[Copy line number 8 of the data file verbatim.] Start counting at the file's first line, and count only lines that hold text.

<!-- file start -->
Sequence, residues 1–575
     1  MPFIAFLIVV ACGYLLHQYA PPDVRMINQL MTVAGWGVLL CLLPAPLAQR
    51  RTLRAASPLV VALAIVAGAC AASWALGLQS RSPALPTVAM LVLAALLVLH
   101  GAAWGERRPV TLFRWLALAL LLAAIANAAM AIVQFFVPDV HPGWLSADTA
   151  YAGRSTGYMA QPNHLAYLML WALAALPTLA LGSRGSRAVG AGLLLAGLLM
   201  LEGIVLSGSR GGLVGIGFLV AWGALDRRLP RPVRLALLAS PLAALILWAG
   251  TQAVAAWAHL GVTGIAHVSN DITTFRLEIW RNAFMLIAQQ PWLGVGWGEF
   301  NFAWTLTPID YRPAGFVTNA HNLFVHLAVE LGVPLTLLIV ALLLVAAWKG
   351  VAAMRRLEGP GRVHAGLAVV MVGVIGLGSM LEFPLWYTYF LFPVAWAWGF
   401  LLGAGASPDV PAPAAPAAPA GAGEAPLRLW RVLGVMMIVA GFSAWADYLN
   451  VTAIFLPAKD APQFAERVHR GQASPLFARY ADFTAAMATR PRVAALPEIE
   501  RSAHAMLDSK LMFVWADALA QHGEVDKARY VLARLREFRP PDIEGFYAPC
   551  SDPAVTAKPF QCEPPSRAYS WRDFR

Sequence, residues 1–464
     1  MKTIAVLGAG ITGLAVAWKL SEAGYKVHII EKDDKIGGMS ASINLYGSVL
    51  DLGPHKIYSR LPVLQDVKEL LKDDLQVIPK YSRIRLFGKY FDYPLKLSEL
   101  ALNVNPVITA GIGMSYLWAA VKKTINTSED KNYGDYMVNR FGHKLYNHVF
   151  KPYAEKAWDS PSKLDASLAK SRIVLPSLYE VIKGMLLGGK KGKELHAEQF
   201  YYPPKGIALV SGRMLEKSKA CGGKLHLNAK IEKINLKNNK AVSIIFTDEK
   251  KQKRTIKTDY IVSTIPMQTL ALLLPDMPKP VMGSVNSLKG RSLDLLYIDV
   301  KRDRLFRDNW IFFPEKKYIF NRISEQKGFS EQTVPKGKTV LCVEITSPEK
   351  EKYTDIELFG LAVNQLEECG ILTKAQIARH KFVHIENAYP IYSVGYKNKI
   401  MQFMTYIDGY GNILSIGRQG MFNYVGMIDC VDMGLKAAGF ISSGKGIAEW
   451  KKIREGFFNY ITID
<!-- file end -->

   301  NFAWTLTPID YRPAGFVTNA HNLFVHLAVE LGVPLTLLIV ALLLVAAWKG